Taking into account some very basic principles, you can’t go wrong. When serving a selection of wines over the course of your evening, remember these tips:
|Start with sparkling, if you have it. it wakes up your palate and gets people in a celebratory mood.|
|Dry wines are always served before sweet wines.|
|White wines should be served before red wines.|
|If you are serving a rosé,serve this before reds.|
|Young, lighter bodied wines before heavier wines.|
|If serving fortified wines, try to serve them last. Their higher alcohol content will create palate fatigue.|
Nowadays, one might say that there are no rules: we start with the basics, but as you become more adventurous, don’t be afraid to let your imagination run wild.
Always taste the wine before pouring it for your guests to assure that it is in good condition. Tradition says that you should always serve ladies first, and further to that, serve the oldest ladies first – at least, if you feel confident that you know what order you should pour in for age (sometimes this is difficult). Another acceptable method is to pour in a clockwise direction, ending with the host. In any case, make sure that you can divide the bottle to be able to serve everybody at the table.
Serve the wine from the person’s right side, holding the bottle at the bottom so that the label is upright and visible to the guest. The “host” is always the last person to be served.
Wine is always at its best when it is served at the proper temperatures. If a wine is too warm or too cold, it may either lack flavour and aroma, or present off flavours and aromas. The best serving temperatures for wines are as follows:
White Wines: 45 to 50 degrees; Sparkling Wines: 41 to 51 degrees; Rosé Wines: 45 to 55 degrees; Red wines: 50 to 64 degrees; Fortified Wines: 54 to 65 degrees. Above all, you should never serve any wine at a temperature higher than the air in the room – especially for red wines, this may cause any volatile acidity to be amplified and lend an unpleasant tasting experience.
|Type of Wine||Refrigeration (hours)||Reference Serving Temperature|
|Celsius (°C)||Fahrenheit (°F)|
|Light Sweet Whites||4||5-10||41-50|
|Dry Light Aromatic Whites||2||10-12||50-54|
|Medium-bodied Dry Whites||1.5||10-12||50-54|
|Full-bodied Sweet Whites||1.5||10-12||50-54|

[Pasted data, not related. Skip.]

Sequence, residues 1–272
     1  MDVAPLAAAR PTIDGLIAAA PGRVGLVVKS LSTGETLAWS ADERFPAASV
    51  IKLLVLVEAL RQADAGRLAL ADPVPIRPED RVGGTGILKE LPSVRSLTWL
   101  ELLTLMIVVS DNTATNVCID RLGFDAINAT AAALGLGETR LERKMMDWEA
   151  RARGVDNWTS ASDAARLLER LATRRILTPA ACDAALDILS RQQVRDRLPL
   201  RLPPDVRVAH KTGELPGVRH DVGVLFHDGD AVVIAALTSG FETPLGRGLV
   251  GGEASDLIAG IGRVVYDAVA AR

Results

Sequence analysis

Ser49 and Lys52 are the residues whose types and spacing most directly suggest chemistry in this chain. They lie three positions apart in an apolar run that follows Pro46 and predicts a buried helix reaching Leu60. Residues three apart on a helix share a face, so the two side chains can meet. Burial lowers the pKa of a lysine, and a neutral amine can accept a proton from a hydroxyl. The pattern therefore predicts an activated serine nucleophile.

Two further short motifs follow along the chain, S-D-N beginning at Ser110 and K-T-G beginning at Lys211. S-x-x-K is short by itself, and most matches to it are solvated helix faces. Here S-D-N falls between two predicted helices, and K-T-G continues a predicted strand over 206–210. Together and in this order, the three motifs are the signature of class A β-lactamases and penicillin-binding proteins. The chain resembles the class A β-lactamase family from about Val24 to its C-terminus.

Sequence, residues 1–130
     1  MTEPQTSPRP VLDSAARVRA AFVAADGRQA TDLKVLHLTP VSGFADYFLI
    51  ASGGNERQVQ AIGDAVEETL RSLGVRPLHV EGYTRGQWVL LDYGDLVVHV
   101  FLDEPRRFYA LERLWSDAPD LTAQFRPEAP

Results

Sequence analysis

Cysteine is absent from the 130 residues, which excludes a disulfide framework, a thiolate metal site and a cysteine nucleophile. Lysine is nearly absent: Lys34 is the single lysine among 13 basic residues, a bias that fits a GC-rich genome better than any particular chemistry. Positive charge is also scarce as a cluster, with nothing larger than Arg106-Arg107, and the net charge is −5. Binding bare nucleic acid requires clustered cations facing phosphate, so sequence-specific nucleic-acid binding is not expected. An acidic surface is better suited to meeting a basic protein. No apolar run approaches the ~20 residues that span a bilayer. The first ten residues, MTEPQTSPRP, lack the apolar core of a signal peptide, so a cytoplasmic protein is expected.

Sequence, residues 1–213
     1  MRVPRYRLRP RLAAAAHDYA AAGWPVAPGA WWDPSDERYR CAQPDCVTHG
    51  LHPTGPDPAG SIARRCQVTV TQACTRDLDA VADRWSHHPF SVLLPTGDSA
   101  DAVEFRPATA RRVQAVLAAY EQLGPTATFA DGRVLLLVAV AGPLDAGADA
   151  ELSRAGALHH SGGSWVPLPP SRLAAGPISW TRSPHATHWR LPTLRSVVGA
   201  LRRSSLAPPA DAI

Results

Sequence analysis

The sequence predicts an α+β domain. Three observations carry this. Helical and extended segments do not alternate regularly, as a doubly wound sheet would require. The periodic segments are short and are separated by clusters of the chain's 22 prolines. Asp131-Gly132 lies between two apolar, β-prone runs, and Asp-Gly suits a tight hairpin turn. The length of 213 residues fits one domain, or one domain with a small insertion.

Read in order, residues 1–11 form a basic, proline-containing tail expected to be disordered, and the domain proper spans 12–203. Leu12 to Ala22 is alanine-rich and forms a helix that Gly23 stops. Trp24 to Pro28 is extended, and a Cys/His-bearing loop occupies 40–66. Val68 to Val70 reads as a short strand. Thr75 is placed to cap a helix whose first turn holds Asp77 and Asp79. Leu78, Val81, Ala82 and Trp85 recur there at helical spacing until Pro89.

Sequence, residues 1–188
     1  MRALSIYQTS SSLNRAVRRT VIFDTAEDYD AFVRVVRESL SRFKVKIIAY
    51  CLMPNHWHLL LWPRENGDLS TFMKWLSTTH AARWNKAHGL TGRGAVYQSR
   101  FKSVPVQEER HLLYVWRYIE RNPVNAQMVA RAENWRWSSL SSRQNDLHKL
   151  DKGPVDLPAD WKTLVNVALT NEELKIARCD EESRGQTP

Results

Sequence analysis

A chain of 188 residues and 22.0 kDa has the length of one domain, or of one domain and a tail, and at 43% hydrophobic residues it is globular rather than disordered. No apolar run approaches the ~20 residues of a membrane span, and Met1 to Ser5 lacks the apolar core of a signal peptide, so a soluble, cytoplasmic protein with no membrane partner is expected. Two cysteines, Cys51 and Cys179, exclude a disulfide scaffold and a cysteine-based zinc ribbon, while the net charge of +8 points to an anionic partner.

|Full-bodied Dry Whites||1||12-16||54-61|
OPEN THE BOTTLE
The corkscrew is an all-important tool for opening a bottle of wine. There are numerous types of corkscrews, but the best one is not always the most beautiful or the most expensive, it is the one that works best for you. This init self can be quite individual, so be sure to try a few before you decide which one you like best. It should remove the cork vertically and have a long, sharp screw (also called ‘the worm’). When the cork is removed vertically, there are less chances of it breaking. If the cork breaks, its little fragments will fall into the wine and create an unpleasant situation, though if that should occur, know that it is not harmful to the wine.
If your cork does break or shatter into the bottle, pour a small amount out of
the bottle in one quick splash – that will usually take care of any stray pieces.
Still wines are often sealed with foil at the top of the bottle. The first step is to cut the foil with the built-in knife most corkscrews have. It should be cut below the flange at the top of the bottle. You can either remove the entire foil or just the part above the neck, either way is acceptable. Next, clean the opening of the bottle with a clean, dry cloth to eliminate any mould or sediment. Insert the corkscrew carefully, with the very point of the worm at the centre of the cork. Screw the worm into the cork, being careful not to go past the end of the cork inside the bottle. Remove the cork by pulling it out slowly; often your corkscrew will have a lever that you can rest against the lip of the bottle which will give you some leverage.